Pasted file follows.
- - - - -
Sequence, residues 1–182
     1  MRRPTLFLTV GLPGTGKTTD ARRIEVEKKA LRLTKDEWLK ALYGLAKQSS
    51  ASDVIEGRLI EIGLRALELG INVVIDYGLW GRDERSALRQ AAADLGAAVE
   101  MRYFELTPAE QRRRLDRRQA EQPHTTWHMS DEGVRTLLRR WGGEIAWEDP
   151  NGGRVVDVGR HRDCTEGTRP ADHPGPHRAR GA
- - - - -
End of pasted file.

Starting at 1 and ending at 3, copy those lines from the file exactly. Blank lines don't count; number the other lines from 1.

Sequence, residues 1–182
     1  MRRPTLFLTV GLPGTGKTTD ARRIEVEKKA LRLTKDEWLK ALYGLAKQSS
    51  ASDVIEGRLI EIGLRALELG INVVIDYGLW GRDERSALRQ AAADLGAAVE